Every once in a while, a published writer will apologize for not blogging or posting to one of the writers' loops because she's been "on deadline." In other words, she has a deadline to turn in a novel or revisions or a proposal for a new book to her editor or agent. You can hear the "phew!" in their post and see an arm and a head bobbing up to the top of the waves in your mind.
As an unpublished writer who is only responsible for herself for her writing, I've never had the experience of being "on deadline". . . until now.
At the end of last year, when I didn't make my goal of starting to query agents about my WIP and, moreover, wasn't even close when I was honest with myself, I decided that I needed to do something to validate my desire to become a published writer. Since my experience with setting a deadline for querying hadn't worked out very well, I decided on a smaller goal. I would enter the first chapter of my WIP into both the Daphne and Genesis contests.
With that in mind, I joined the American Christian Fiction Writers to get my writing read by someone other than myself. I got lots of critiques, mostly positive, and that encouraged me to go ahead with my plan.
Both contests have similar criteria and similar due dates for submission. The Daphne, given by Kiss of Death Chapter of RWA, requests no more than 5,000 words and a short synopsis of approximately 600 words. The Genesis, given by ACFW, has a limit of fifteen pages plus a one page, single spaced synopsis. The Daphne has a deadline of March 15th; the Genesis has a deadline of March 1st. ACFW recommends you make your submission by February 15th just in case something goes astray in email land. KOD has a limit of how many entries they'll accept.
Last month I set this weekend as my personal deadline for submission. Although February 15th is two days away, I know that I don't do my best work on weeknights after eight hours at the day job. I also had a feeling that the ACFW web site would be jammed with writers trying to submit on that day and I didn't want to be the victim of a web jam.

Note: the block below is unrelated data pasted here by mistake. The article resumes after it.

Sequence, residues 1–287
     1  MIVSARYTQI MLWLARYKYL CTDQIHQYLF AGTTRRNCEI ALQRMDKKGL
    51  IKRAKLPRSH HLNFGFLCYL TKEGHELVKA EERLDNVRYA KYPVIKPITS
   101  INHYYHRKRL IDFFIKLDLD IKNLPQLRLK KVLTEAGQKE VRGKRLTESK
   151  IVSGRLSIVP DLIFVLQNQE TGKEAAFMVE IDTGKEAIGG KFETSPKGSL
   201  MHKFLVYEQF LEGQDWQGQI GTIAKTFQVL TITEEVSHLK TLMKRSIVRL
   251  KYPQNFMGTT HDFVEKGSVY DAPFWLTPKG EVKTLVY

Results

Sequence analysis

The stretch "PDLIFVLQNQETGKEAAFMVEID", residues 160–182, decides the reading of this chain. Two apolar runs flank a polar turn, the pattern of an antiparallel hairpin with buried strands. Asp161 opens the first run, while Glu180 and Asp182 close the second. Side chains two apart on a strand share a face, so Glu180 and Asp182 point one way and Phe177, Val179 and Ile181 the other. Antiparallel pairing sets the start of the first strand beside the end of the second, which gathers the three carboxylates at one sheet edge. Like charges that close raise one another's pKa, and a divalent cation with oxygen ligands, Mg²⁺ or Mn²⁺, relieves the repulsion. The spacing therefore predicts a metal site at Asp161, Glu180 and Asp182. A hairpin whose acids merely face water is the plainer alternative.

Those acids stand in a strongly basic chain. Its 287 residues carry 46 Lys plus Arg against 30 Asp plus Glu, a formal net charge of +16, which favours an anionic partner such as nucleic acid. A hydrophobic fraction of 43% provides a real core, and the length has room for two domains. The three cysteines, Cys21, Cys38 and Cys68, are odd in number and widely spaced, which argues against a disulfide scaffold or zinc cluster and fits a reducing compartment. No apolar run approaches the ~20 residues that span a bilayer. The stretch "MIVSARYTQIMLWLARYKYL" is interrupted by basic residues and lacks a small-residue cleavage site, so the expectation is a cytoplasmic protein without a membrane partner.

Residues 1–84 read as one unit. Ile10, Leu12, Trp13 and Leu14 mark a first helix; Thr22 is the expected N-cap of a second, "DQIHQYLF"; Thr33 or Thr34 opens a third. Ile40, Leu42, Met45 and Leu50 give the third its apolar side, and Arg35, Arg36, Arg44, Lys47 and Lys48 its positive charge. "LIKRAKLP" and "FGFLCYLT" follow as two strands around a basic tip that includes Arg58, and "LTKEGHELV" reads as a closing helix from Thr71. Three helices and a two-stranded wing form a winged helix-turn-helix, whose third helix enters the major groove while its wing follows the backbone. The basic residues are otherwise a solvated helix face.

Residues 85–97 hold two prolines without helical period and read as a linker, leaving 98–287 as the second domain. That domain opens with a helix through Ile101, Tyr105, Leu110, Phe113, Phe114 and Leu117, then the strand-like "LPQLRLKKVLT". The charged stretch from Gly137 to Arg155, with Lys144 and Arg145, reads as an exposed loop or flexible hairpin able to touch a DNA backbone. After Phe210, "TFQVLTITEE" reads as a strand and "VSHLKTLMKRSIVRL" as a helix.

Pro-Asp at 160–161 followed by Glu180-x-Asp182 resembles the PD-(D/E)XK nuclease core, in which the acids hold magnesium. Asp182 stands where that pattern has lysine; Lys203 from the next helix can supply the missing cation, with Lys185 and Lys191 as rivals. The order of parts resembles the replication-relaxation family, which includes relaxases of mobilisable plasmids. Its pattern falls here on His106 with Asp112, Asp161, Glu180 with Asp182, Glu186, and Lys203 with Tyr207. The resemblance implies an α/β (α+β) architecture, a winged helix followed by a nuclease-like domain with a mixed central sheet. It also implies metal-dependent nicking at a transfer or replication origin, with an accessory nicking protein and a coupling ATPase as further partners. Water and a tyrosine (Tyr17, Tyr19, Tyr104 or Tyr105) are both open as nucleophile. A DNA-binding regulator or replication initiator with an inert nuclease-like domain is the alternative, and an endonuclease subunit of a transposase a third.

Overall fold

It was interesting to see the transformation in myself from amateur to serious writer. It's not that I haven't been serious about my writing before, but it hasn't always been my first priority. With a deadline, my office has accumulated a layer of clutter. There are papers strewn on my desk, a stack of new printouts with pen marks, slashes, and "stet" scribbled on them stacked on top of the thesaurus on the tray table next to me. There's another stack of reference books on a cardboard box by my side.
The yard looks awful, with dead plants from lack of watering and the hard freeze we had last week. The kitchen counters need a good going over with Chlorox to remove the paw prints from the cats. I finally pulled out the vacuum a half hour ago and did a half-hearted job of removing some of the accumulated dirt.
And I'm tired. I feel like collapsing in my recliner with my nook and a glass of sherry. But I still have to put the kitchen back together after washing the floor and move the laundry from the washer to the dryer.
And the thing is, I'm not really done with the contests yet. If I should get a good score or, miraculously, final in either one of them, I need to finish up my editing on the rest of the book. There's always the chance an agent or editor will want to see the rest of the manuscript. I wouldn't want to miss that chance by not having it ready to send out.
So what is it like to be "on deadline"? Glorious! It's what I was born to do.